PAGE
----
Laika (Russian: Лайка;[a] c. 1954 – November 3, 1957) was a Soviet Union space dog. She was one of the first animals in space, and the first animal to orbit the Earth. She was a mix of either a Siberian Husky or other Nordic breed, and a terrier. NASA refers to Laika as a "part-Samoyed terrier." A dog was sent into space to get information about the behavior of living organisms in a space environment. Information from the flight led to the discovery of solar (from the sun) and cosmic radiation.
|Species||Canis lupus familiaris|
|Breed||Mongrel, possibly part-husky (or part-Samoyed) and part-terrier|
Moscow, Soviet Union
|Died||3 November 1957 (aged 3)|
Sputnik 2, in Low Earth orbit
|Known for||First animal to orbit the Earth|
|Owner||Soviet space program|
|Weight||5 kg (11 lb)|
Laika had been a stray dog living in the streets of Moscow. She underwent training with two other dogs. She was then chosen as the dog to go up in the Soviet spacecraft Sputnik 2. It was launched into outer space on November 3, 1957.
Fate of Laika knownEdit
Not much was known about how spaceflight would affect living animals at the time of Laika's mission. There was also no way, at that time, to bring the satellite back down to Earth. So all the scientists knew there would be no way for Laika to survive her trip. It was necessary to send a dog first as a test, because it was not thought that humans could live in outer space.
Before her trip in Sputnik, one of the scientists took Laika home to play with his children. Dr. Vladimir Yazdovsky wrote: "Laika was quiet and charming...I wanted to do something nice for her: She had so little time left to live."
One of the technicians getting the capsule ready before final lift-off said that "after placing Laika in the container and before closing the hatch, we kissed her nose and wished her bon voyage, knowing that she would not survive the flight."
Death in spaceEdit
Laika died within hours from overheating. Her body temperature got way too hot for her to survive. The heat in her spacecraft had quickly risen to 40 degrees Celsius (104 degrees Fahrenheit). The true cause and time of her death were hidden from people until 2002. Instead, it was reported that she died when her oxygen ran out on day six. Another untruth, as the Soviet government first said, was that she was euthanised (put to sleep) before her oxygen ran out.
In the Soviet Union, during the following years, no one openly questioned the decision to send a dog into space. It was not until 1998, after the collapse of the Soviet Union, that Oleg Gazenko, one of the top-level scientists responsible for sending Laika into space, said he was sorry for allowing her to die:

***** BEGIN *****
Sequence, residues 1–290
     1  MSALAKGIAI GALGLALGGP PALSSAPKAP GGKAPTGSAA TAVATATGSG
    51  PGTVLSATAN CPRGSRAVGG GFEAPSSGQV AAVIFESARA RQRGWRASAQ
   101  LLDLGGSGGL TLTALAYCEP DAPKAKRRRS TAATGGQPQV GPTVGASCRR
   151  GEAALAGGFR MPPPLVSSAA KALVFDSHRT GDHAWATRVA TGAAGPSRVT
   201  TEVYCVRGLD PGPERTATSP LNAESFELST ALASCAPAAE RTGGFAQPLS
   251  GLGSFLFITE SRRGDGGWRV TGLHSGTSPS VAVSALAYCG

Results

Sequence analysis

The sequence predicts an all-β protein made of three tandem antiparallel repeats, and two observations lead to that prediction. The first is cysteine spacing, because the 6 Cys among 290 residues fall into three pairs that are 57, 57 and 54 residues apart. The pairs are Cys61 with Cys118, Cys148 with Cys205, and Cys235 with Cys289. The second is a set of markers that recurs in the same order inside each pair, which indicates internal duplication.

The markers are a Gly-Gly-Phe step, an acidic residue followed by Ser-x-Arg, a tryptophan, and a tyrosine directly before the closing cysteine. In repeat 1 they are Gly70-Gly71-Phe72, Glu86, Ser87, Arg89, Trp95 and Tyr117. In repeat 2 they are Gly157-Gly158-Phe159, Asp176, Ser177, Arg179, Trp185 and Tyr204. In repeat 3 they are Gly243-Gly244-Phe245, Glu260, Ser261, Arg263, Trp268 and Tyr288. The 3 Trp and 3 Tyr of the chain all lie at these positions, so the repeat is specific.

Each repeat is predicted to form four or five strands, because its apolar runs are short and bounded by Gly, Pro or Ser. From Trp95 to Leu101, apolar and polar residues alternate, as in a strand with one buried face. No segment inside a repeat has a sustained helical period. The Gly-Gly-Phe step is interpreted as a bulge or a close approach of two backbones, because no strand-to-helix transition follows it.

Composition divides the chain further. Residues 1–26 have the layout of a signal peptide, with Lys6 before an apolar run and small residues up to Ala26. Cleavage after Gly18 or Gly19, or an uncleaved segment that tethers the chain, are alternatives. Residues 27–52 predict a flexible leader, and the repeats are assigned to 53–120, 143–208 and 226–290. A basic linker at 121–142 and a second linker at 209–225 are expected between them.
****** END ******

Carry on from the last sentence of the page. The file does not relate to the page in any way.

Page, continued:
Work with animals is a source of suffering to all of us. We treat them like babies who cannot speak. The more time passes, the more I'm sorry about it. We shouldn't have done it ... We did not learn enough from this mission to justify the death of the dog.
Return to EarthEdit
Over five months later, after 2,570 orbits, Sputnik 2 burned up—along with Laika's remains—during re-entry on April 14, 1958.
Memorials and tributeEdit
On April 11, 2008, Russian officials opened a monument to Laika. It was built near the military research facility in Moscow which prepared Laika's space flight. It is of a dog standing on top of a rocket.
She also appears on the Monument to the Conquerors of Space in Moscow.
- Laika, meaning "Barker" in Russian, is also the name of several dog breeds.
- "Laika the Dog & the First Animals in Space". Space.com. Retrieved September 22, 2014.
- Sputnik 2. National Space Science Data Center. Accessed April14, 2015.
- Vladimir Isachenkov (11 April 2008). "Russia opens monument to space dog Laika". Associated Press. Retrieved August 28, 2014.
- Vladimir Isachenkov (11 April 2008). "Space dog Monument opens in Russia: over 50 years ago Laika's sacrifice paved way for human space flight". NBC News (Associated Press). Retrieved 15 April 2016.
- Palya Diren (2014 March). "Laika, The First Animal in Space". Science Penguin website. Retrieved 29 August 2014. Check date values in:
- "Sputnik-2". Russianspaceweb.com. Retrieved 2014 August 28. Check date values in:
- Malashenkov, D. C. (2002). "Abstract:Some Unknown Pages of the Living Organisms' First Orbital Flight". IAF abstracts. Astrophysics Data System: 288. Bibcode:2002iaf..confE.288M.
- Beischer, DE; Fregly, AR (1962). "Animals and man in space. A chronology and annotated bibliography through the year 1960". US Naval School of Aviation Medicine. ONR TR ACR-64 (AD0272581). Retrieved 2014 August 28. Check date values in:
|accessdate=(help)CS1 maint: multiple names: authors list (link)
- Dick Abadzis, afterword to Laika, First Second, 2007, ISBN 1-59643-302-7
- "The Story of Laika". Moscow Animals. Retrieved 3 November 2016.
- "Message from the First Dog in Space Received 45 Years Too Late". Dogs in the News. 3 November 2002. Retrieved 3 November 2016.
- "The Story of Laika". moscowanimals.org. Archived from the original on 2006-08-16. Retrieved 2014 August 28. Check date values in:
- "Laika".accuweather.com. Retrieved on 2014 August 2014.
- "A New Monument for Laika, Russia's Heroic Space Dog". 11 April 2008. Retrieved 5 July 2015.
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